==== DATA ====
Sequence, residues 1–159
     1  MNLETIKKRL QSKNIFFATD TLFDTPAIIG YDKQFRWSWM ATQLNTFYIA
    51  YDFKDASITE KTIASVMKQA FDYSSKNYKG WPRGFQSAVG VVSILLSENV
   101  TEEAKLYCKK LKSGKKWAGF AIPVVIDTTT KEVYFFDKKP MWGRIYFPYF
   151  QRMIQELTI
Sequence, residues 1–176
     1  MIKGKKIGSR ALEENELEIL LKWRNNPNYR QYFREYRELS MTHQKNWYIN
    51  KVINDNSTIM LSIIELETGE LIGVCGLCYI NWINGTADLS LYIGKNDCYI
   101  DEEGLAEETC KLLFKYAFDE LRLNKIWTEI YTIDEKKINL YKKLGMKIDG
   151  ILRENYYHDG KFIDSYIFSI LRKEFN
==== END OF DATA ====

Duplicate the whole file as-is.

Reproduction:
Sequence, residues 1–159
     1  MNLETIKKRL QSKNIFFATD TLFDTPAIIG YDKQFRWSWM ATQLNTFYIA
    51  YDFKDASITE KTIASVMKQA FDYSSKNYKG WPRGFQSAVG VVSILLSENV
   101  TEEAKLYCKK LKSGKKWAGF AIPVVIDTTT KEVYFFDKKP MWGRIYFPYF
   151  QRMIQELTI
Sequence, residues 1–176
     1  MIKGKKIGSR ALEENELEIL LKWRNNPNYR QYFREYRELS MTHQKNWYIN
    51  KVINDNSTIM LSIIELETGE LIGVCGLCYI NWINGTADLS LYIGKNDCYI
   101  DEEGLAEETC KLLFKYAFDE LRLNKIWTEI YTIDEKKINL YKKLGMKIDG
   151  ILRENYYHDG KFIDSYIFSI LRKEFN